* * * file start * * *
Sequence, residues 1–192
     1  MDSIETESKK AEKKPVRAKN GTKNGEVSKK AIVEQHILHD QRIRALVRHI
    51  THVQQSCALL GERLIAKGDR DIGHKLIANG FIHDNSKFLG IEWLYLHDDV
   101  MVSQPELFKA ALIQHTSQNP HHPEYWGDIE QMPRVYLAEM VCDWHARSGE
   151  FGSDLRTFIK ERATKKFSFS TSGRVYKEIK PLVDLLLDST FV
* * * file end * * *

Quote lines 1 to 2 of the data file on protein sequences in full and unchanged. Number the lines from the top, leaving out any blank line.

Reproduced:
Sequence, residues 1–192
     1  MDSIETESKK AEKKPVRAKN GTKNGEVSKK AIVEQHILHD QRIRALVRHI